I suspect we all do it to some extent or another, viewing the past as better than the present, you know, the good old days. For instance, when I was a kid I don’t remember the sun being so hot. We would be outside all day long and I just don’t remember feeling the sun beating down on me like it does today.
Now I don’t really think the sun is hotter, I think that’s the simply the way I remember it because time has a funny way of tempering the temperature of our history.
The other day we were visited in our home by the Right Reverend Leslie from First Presbyterian of Waco. I will always have a special place in my heart for the Right Rev because the first time she ever visited Marty in the hospital she walked in while Marty was alone and started feeding her spaghetti. That’s not an easy thing to feed someone. There are things people have done for you that make a lifelong good impression; gently helping my bride eat spaghetti is one of those.
Sorry, I digress.
The Right Rev is talking to me, talking to Marty and I’m talking to her, probably too much, I do that you know. It’s one of those days where Marty isn’t responding very much and I start thinking, well wishing more than thinking, wishing that the Right Reverend could have known the old Marty, before the strokes robbed us of the old Marty, before the strokes gave us the new Marty.
I’m not sure, but the more I think about it the more I think that’s not a very healthy approach to the here and now. Yeah, it’s good to have memories, it’s good to know what was, it’s okay to miss part of what was but the simple truth is, the sun was as hot back when I was a kid as it is now and what we have to live with is how the sun feels today, right here and now.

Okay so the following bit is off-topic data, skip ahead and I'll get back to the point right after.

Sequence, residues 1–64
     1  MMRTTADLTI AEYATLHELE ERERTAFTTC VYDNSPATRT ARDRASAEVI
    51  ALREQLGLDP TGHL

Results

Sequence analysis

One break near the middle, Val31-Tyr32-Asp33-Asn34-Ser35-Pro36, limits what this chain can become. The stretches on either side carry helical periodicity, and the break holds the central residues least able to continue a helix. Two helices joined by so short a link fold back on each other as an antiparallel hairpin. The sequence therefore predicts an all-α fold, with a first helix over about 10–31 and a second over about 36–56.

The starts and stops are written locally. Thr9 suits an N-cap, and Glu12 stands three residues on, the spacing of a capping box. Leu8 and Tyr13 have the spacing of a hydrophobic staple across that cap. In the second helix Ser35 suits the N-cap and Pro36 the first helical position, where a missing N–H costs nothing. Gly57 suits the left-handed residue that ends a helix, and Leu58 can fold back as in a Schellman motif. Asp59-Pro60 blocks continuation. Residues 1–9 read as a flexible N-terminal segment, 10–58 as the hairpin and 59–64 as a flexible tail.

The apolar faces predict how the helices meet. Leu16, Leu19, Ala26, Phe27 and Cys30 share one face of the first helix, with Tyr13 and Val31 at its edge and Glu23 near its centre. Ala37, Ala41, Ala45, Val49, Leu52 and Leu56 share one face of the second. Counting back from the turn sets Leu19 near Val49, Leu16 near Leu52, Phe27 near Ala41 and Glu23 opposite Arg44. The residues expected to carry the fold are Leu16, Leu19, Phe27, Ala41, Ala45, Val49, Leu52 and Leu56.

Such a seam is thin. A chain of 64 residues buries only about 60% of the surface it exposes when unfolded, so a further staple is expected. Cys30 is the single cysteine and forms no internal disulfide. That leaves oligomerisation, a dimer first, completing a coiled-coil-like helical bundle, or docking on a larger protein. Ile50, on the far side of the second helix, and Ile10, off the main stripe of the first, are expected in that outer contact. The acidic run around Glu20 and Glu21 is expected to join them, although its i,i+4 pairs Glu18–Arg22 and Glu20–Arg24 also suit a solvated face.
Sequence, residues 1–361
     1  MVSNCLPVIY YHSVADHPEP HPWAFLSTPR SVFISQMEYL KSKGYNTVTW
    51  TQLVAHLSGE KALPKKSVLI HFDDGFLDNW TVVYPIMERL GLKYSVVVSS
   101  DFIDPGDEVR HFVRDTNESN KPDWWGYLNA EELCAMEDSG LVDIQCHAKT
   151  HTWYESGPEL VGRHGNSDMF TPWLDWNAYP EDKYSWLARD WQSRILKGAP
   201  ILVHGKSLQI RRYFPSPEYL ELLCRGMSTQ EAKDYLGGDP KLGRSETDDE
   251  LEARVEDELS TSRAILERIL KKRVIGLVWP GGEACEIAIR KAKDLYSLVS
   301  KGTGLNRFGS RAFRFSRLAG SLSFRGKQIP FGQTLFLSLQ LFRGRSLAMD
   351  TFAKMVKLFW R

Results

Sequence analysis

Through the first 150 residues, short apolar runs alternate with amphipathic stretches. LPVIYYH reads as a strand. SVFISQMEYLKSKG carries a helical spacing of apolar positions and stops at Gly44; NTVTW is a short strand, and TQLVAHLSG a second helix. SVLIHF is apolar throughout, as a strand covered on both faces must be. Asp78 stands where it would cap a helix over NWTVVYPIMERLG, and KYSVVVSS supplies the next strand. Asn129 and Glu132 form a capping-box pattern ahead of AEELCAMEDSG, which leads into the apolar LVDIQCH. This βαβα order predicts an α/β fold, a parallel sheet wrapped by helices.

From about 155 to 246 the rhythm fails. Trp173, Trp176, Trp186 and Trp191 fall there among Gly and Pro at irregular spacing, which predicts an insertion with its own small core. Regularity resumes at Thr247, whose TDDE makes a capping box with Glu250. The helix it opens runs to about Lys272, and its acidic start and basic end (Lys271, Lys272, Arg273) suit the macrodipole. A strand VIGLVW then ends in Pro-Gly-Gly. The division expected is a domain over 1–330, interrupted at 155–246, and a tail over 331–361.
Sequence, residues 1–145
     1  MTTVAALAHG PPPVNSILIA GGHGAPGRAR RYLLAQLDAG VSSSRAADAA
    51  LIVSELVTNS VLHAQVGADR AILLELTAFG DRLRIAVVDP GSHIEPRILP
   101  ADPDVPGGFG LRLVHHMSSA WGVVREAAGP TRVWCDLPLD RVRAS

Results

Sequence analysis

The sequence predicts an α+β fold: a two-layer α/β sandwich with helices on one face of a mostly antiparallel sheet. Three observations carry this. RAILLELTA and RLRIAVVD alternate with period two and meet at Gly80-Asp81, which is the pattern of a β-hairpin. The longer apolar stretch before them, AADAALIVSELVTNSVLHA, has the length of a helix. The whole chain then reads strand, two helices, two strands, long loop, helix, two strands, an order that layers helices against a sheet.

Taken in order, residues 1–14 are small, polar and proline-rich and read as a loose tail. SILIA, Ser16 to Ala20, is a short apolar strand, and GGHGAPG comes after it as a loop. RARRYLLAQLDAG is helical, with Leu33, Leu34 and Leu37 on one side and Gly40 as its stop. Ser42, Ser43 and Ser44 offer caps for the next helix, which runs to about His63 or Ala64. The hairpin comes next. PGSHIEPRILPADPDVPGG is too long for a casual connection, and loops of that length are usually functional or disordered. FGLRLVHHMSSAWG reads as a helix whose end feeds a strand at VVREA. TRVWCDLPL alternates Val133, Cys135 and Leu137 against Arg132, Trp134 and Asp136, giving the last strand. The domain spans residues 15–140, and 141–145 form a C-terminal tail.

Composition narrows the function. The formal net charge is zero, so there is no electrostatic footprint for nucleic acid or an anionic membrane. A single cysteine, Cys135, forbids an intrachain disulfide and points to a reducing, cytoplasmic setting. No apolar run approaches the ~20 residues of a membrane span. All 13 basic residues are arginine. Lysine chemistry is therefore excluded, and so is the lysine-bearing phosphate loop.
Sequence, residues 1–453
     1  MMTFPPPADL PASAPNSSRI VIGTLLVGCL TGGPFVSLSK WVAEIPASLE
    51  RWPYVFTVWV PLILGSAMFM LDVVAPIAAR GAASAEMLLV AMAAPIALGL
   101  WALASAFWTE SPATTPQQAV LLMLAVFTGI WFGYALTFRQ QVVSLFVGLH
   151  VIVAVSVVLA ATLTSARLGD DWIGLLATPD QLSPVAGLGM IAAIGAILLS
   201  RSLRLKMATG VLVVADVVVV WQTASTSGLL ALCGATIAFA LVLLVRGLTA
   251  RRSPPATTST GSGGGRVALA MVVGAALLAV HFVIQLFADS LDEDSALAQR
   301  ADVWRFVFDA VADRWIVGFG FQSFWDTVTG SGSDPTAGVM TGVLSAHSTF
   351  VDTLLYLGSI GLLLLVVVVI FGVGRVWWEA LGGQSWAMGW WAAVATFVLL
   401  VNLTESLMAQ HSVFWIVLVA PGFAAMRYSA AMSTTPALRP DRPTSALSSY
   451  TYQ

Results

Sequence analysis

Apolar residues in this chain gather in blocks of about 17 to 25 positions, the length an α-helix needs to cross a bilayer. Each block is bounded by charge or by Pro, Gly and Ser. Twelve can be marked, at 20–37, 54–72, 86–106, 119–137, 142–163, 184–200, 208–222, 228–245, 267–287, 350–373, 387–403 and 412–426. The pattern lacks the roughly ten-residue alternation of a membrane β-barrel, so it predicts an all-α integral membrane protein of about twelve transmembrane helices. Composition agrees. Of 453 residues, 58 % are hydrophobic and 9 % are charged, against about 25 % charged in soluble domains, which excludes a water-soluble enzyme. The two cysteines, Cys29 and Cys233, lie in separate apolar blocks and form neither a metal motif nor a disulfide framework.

My memories of Marty before are mostly good memories but she wasn’t perfect, I wasn’t perfect, our relationship wasn’t perfect. We fought, we cried, we felt pain, we felt anger, we hurt each other and for each other. Yet, yet, the parts of what was are so alluring because somehow, in my revisionist memory, the sun didn’t feel as hot back then.
More importantly longing for what was robs you of what is right now and frankly what is with me, what is with Marty right now, today, is pretty damn good. Do I wish she was back in charge, do I wish she could stand and grab me and kiss me, do I wish she would make some snide remark that would make me do a spit take, do I wish we could talk about the deeper meaning of King Arthur’s Sword, do I wish we could argue about where to park again? You bet I do.
But I/we can never allow that longing for what was short change what we have right here and now.
The today Marty, the Marty Right Rev has met and gotten to know is worth knowing. Marty is a woman who has fought strokes and won. Marty is a woman who has lost the pieces of her she prized the most and she has survived countless indignities with the core of who she is intact. Marty is a woman who has experienced the worst in life and kept living, kept living in spite of her body, in spite of what her body did to her.
What must never be forgotten is that Marty’s core, her soul, the real Marty, the essence of the woman I knew and now know is still there. It’s quieter, it’s more reserved, it’s suffered from catastrophic illness, but her core, her soul, that which is quintessentially Marty is still there.
It all goes back to something Marty told me, almost daily; be in the here and now, accept and embrace what is and don’t worry too much about what was or what will be.
This is easy to say and hard to do on a daily basis. While I relish the idea that the sun was not as hot on 12 year old shoulders as it is on 63 year old shoulders, while I need and want to remember that feeling of the 12 year old boy, I am where I am now, I am with my bride today, not yesterday and she is pretty damn fine today, who cares about the sun anyway.